Now, assuming that the vision the company had will follow through to the final product: they wanted the bike to use parts for ancillaries, such as the alternator, and spark plugs, that would be available from Autozone/Checkers and equivalent. The vision was a bike that would be immediately repairable in the closest auto-parts store parking lot. Not relying on a dealer network or a large group of specifically skilled technicians. Just the average Joe armed with the included service manuals, an included tool-kit, and an easily accessed and maintained engine. I work on Euro bikes for a living, and I can certainly testify that ease of maintenance is intentionally not a manufacturers priority.

Like I said, if form followed vision, then a lot of the speculation about this motor is missing the mark. No major manufacturer makes an engine everyone can work on and get parts for in the middle of nowhere.

LVSFXS screwed with this post 03-16-2010 at 11:38 AM
LVSFXS is offline   Reply With Quote
Old 03-16-2010, 11:30 AM   #75
jfurf
Studly Adventurer
 
jfurf's Avatar
 
Joined: Oct 2008
Location: The ATL, aka Spaghetti Junction
Oddometer: 942
Quote:
Originally Posted by LVSFXS
I met some of the guys from Birmingham probably just under a year ago, some point last summer. He was a younger guy, probably late 20s, and his girl was with him. They rented a BMW R1200RT in Las Vegas and rode it to Salt Lake City, planning to fly back to Birmingham after.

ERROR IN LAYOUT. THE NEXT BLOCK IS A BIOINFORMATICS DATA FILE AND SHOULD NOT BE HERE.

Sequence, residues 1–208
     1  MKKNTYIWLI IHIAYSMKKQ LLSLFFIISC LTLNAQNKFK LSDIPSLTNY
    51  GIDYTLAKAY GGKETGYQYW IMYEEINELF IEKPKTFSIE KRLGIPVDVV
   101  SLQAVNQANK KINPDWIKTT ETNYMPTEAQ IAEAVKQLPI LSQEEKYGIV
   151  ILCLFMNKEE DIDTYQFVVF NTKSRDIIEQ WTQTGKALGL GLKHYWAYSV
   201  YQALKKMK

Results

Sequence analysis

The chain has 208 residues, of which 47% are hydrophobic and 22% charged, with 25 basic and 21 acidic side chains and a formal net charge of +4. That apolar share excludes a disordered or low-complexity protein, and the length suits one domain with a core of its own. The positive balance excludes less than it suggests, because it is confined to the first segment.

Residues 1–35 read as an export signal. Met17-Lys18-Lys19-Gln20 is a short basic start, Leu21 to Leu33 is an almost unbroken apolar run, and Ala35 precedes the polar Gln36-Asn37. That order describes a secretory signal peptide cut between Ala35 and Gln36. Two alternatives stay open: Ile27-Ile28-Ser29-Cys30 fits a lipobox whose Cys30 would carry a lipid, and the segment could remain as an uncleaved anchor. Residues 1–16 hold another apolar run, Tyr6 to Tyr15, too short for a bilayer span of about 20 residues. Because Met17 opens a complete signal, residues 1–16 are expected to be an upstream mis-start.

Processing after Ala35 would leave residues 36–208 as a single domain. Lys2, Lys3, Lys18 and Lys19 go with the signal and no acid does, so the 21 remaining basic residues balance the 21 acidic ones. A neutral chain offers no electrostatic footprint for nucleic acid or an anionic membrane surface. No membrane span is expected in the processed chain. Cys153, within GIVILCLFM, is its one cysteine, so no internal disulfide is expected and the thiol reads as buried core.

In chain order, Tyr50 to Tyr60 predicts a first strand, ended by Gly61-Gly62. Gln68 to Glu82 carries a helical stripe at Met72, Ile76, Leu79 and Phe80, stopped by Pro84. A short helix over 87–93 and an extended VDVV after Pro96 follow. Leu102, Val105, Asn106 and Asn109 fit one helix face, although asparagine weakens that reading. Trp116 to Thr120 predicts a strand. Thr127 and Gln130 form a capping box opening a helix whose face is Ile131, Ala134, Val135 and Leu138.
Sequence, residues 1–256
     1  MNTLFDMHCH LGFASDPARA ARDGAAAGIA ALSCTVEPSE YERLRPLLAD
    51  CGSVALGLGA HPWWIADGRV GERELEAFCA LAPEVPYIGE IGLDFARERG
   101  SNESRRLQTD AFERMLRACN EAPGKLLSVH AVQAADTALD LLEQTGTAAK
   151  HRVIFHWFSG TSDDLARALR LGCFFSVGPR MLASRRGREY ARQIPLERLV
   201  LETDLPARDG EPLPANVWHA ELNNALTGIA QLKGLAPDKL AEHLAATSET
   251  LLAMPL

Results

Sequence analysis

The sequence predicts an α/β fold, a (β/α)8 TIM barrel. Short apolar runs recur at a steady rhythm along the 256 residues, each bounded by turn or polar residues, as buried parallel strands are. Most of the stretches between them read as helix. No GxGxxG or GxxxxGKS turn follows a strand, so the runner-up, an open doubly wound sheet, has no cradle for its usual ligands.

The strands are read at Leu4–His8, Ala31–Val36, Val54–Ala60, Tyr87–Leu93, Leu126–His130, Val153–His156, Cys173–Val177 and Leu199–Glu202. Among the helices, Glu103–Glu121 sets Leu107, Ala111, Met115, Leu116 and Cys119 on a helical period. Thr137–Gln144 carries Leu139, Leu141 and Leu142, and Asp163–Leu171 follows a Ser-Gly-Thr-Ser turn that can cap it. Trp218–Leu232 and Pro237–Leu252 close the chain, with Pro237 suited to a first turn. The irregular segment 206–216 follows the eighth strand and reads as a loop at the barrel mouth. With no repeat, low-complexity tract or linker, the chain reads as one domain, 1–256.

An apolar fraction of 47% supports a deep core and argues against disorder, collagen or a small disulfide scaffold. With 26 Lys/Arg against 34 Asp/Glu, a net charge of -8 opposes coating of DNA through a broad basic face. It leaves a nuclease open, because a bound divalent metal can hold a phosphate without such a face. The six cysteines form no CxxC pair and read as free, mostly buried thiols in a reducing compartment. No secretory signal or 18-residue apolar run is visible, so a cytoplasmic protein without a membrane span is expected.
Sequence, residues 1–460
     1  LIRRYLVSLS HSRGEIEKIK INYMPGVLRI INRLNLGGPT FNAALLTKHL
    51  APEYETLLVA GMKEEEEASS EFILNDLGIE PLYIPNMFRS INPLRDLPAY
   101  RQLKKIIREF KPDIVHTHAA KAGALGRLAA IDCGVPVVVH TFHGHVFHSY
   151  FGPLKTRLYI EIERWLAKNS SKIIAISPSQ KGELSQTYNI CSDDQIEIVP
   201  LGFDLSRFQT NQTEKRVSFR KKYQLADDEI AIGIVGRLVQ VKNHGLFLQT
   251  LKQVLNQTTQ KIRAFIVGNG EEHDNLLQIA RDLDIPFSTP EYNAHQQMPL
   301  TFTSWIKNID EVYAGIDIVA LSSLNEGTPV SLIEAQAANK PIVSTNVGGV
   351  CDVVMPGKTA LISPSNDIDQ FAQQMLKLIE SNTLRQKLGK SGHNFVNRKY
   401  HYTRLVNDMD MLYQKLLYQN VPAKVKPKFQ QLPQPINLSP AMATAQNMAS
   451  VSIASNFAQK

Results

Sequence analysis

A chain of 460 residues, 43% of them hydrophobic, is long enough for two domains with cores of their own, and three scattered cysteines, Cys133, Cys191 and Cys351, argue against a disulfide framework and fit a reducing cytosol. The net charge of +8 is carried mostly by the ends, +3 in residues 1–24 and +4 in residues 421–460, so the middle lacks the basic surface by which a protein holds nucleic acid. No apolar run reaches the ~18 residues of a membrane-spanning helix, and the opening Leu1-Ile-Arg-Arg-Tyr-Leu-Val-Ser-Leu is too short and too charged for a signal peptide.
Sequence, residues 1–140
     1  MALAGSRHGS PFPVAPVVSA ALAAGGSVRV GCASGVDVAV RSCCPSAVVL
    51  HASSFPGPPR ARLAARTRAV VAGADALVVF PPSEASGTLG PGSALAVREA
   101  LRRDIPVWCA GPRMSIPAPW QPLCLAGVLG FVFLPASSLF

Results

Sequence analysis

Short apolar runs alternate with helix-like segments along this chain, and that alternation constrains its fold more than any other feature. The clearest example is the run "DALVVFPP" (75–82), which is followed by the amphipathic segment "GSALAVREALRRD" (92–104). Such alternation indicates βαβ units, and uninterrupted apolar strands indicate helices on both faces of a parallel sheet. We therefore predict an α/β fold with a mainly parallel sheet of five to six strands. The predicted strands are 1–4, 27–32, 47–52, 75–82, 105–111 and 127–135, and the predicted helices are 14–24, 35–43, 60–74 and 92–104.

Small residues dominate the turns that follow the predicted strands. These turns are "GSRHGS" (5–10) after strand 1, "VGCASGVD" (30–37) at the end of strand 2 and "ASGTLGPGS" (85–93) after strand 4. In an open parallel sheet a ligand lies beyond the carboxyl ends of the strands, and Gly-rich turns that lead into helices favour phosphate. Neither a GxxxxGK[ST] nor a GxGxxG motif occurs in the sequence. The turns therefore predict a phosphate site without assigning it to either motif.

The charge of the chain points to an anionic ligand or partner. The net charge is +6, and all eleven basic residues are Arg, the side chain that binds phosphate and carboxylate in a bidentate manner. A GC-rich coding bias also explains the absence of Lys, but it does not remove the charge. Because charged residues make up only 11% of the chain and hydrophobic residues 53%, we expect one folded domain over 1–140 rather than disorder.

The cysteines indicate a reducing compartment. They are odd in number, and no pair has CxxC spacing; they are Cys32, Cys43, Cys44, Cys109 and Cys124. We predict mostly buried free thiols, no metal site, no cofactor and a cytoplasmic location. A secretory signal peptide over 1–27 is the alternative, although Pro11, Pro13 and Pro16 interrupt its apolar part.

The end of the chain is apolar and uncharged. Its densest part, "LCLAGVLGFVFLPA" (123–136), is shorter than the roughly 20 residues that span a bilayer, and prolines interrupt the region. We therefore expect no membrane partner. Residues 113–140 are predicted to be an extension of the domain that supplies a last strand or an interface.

He sat around the shop and picked my brain for probably two hours while we changed out tires and did a quick oil service on the bike (it had just come back from rental that morning). Asked me a million questions about sport-touring bikes. Everything from what kind of performance and weight the average ST rider looked for, to what kind of repairs were most people capable of on the side of the road.

The biggest point he made to me, and probably the most daring part of the venture I took away from the conversation, was the reason for the in-house engine.

Now, assuming that the vision the company had will follow through to the final product: they wanted the bike to use parts for ancillaries, such as the alternator, and spark plugs, that would be available from Autozone/Checkers and equivalent. The vision was a bike that would be immediately repairable in the closest auto-parts store parking lot. Not relying on a dealer network or a large group of specifically skilled technicians. Just the average Joe armed with the included service manuals, an included tool-kit, and an easily accessed and maintained engine.

Like I said, if form followed vision, then a lot of the speculation about this motor is missing the mark. No major manufacturer makes an engine everyone can work on and get parts for in the middle of nowhere.
good stuff. i know those guys spent time on sport-touring.net asking questions too.
jfurf is offline   Reply With Quote
Reply

Share

Thread Tools Search this Thread
Search this Thread:

.
Display Modes

Posting Rules
You may not post new threads
You may not post replies
You may not post attachments
You may not edit your posts

BB code is On
Smilies are On
[IMG] code is On
HTML code is On

Forum Jump


Times are GMT -7.   It's 10:25 PM.


Powered by vBulletin® Version 3.8.5
Copyright ©2000 - 2014, Jelsoft Enterprises Ltd.
Copyright ADVrider 2011-2014